Founder and President of the Media Research Center, Mr. Bozell runs the largest media watchdog organization in America. Established in 1987, the MRC has made “media bias” a household term, tracking it daily and printing the compiled evidence biweekly in its well-known Notable Quotables, as well as the daily CyberAlert intelligence report on the internet. His most recent book, Whitewash: What the Media Won’t Tell You About Hillary Clinton, but Conservatives Will, was released in November of 2007. His previous book, Weapons of Mass Distortion: The Coming Meltdown of the Liberal Media, was released in July of 2004.
Founder and former President of the Parents Television Council, Mr. Bozell established the largest Hollywood-based organization dedicated to restoring responsibility to the entertainment industry.
Mr. Bozell is a nationally syndicated columnist whose work appears in publications such as Wall Street Journal, The Washington Post, The Washington Times, The New York Post, The L.A. Times, Investors Business Daily and National Review. He is regularly invited to provide media expertise on news programs by all the major networks and cable affiliates.
He is married, with five children and four grandchildren.
In June, Comcast executive vice president David Cohen hosted a $2,700-a-plate fundraiser for Hillary Clinton's presidential campaign. On the first weekend in October, the NBC Universal in-kind contributions really kicked in: a star turn on "Saturday Night Live," a Sunday morning interview with Rev. Al Sharpton, and a Monday town hall meeting on the "Today" program.
In January, House Minority Leader Nancy Pelosi was asked by a reporter if an unborn baby at 20 weeks is a human being. She shot back that when she was a new member of Congress, someone quipped, "Nancy Pelosi thinks she knows more about having babies than the pope." She added, "Yeah. That would be true."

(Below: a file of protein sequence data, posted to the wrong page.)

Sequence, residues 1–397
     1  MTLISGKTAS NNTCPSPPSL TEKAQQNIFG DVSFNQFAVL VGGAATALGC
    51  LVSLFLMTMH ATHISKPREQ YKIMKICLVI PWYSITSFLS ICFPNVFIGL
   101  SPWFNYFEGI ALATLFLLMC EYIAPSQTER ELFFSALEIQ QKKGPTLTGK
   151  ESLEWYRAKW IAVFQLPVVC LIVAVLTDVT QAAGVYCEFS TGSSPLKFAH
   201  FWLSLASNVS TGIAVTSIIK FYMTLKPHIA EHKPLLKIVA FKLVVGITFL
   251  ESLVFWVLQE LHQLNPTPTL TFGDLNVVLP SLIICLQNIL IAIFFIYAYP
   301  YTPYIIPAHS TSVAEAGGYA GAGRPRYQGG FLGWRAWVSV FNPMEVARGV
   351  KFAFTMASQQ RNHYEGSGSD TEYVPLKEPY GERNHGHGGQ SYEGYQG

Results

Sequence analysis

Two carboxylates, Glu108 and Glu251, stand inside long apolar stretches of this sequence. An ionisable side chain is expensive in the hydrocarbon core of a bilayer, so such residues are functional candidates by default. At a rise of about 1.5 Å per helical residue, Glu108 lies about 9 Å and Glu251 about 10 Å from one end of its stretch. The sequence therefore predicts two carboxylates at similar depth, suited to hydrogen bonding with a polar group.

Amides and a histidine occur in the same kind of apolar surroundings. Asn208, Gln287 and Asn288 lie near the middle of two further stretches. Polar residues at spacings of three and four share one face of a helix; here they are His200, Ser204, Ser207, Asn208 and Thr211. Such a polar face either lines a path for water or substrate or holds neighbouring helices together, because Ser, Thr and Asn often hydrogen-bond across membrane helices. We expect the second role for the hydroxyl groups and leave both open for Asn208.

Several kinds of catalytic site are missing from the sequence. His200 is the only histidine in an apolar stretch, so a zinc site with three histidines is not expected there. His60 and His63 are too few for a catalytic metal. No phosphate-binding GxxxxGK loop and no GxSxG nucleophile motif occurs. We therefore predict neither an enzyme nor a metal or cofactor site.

As Planned Parenthood boss Cecile Richards prepared to testify to Congress about the filthy business she leads -- thanks in large part to an infusion of a half-billion dollars in federal funds every year -- her marketing team tried to change the subject to everything else.
Washington Post political reporter Chris Cillizza is one of those self-impressed Watergate babies who thinks everything the media report brings great value to society. His latest article was titled "Trust in the media is at an all-time low. That's a terrible thing for all of us."
They call it "bacha bazi," translated as "boy play" -- Afghan militia men throwing boys into sexual slavery. What's worse yet, the U.S. military has turned a blind eye to this obscene practice. The front page of The New York Times carried the headline "US Soldiers Told to Ignore Sexual Abuse of Boys by Afghan Allies."
The Obama years may be winding down, but our President Obama-loving media never stops being hypersensitive about the man. CNN's latest poll asked respondents "Do you happen to know what religion Barack Obama is?" and "Where was Barack Obama born, as far as you know?"